Coping with Feedback
March 2, 2019
The last few weeks have been very hectic. We’ve finally released a stable version of React Hooks and the first React website translations. Both of these projects meant a lot to me, and shipping them felt great.
However, I also feel more pressure now to stay on top of the scrutiny that comes when you mark something as stable. Hooks are very new, we are still figuring out “best practices” for some of the less common patterns — both internally at Facebook and in GitHub discussions. But the longer it takes to document and enforce them (e.g. with warnings), the more risk there is that someone will create a course or write an article using a broken pattern without realizing that. It’s hard not to feel at least partially responsible when that happens.
Most of this is self-imposed. No one technically expects me to care. I do though.
Maintaining a balance between providing guidance and learning from people using an API and their experiences can take some toll. Especially when you don’t know all the answers yet. Over the past weeks, I had a few nights when I couldn’t remember if I slept at all due to nonstopping internal monologue.
I’ve noticed that I have a particular set of triggers that can cause this. So I’m more careful to avoid them. In case it’s helpful to anyone else, here’s a set of rules I’m trying to follow which seem to help empirically:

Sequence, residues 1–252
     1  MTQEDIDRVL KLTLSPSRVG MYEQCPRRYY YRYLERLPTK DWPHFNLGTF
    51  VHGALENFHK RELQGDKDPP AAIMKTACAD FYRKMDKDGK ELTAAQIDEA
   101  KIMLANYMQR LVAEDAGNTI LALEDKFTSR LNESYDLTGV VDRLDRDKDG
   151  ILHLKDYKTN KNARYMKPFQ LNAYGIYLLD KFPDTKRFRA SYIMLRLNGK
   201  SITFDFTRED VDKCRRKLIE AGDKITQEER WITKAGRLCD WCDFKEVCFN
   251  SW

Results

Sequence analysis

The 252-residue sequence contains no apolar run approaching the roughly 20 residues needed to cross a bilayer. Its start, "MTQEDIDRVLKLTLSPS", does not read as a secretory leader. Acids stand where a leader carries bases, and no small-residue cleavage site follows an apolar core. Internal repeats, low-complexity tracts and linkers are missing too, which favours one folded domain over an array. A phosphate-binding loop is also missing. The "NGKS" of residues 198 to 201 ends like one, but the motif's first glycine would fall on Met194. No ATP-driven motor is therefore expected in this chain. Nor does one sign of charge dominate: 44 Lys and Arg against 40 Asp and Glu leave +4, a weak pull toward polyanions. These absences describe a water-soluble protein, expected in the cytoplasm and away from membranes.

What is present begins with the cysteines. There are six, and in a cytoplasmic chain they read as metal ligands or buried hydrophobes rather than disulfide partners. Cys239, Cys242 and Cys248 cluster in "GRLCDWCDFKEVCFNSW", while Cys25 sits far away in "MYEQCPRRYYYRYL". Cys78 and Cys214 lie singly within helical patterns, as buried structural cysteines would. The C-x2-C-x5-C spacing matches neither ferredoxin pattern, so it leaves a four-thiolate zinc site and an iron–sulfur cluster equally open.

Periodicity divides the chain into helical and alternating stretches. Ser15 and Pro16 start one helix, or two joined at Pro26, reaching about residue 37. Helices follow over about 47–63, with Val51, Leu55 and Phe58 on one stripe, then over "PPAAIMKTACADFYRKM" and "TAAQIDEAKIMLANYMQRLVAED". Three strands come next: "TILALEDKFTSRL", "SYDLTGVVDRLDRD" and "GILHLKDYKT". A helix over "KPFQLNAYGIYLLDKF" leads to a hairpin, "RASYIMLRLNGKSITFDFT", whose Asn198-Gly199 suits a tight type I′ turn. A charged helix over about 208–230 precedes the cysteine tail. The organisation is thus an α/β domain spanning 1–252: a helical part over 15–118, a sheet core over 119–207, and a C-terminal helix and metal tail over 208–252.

Not drinking more than two cups of coffee. Coffee is my friend. I tried giving up caffeine for a few months and I had headaches spanning for more than the tolerance period. Coffee actually does help me (maybe some blood pressure thing?) but in moderation. Drinking more than two cups leaves me too pumped.
Not arguing with strangers after 9pm. I love debating things on Twitter, and I’m no stranger to occasional disagreements. Some of them can turn pretty draining emotionally — especially when people assume bad intent. Even if I try to maintain a friendly tone, this kind of thing hurts and then I get too agitated to fall asleep. So I’ve been trying to avoid reading any feedback in the evenings.
Not skipping meals or eating after 8pm. This one is weird. (Don’t forget, I’m just describing what works for me!) Generally I’ve been pretty flexible with meals. But lately I’ve noticed that whenever I wake up at 5am and can’t fall asleep, my stomach feels heavy. I don’t know whether it’s the reason or the consequence of a buzzing mind, but there is a correlation. Take care of your gut.
Not publishing articles right before going to bed. Whenever I share anything, I get a bit excited and nervous about the feedback. (Will anyone notice it? Is it too controversial? How will it rank on aggregators? Do people like reading it?) I found it useful to leave a buffer of a few hours for the initial feedback so that curiosity and nerves don’t wake me up a few hours later.
Not lying there trying to fall asleep. A few times, I would wake up at 5am and then lie in bed until 10am in a vain attempt to relax. This doesn’t work for me. However, I’ve noticed that if I simply do whatever I feel like (write some code, read some online junk, eat a banana), eventually I get sleepy. Splitting the night in two halves feels a bit awkward but it’s still better than not sleeping at all.
The deeper problem is that I’m restless when I know there is a problem but I don’t have a fix ready yet. Such as writing documentation, correcting a bug or sharing an idea. This drive can be helpful but at some point it’s not worth it.
The techniques above help me reduce the anxiety to the point where that drive is productive to me. But I should watch out. It’s important to be surrounded by people who can tell when you’re going off the rails. I feel thankful to have them.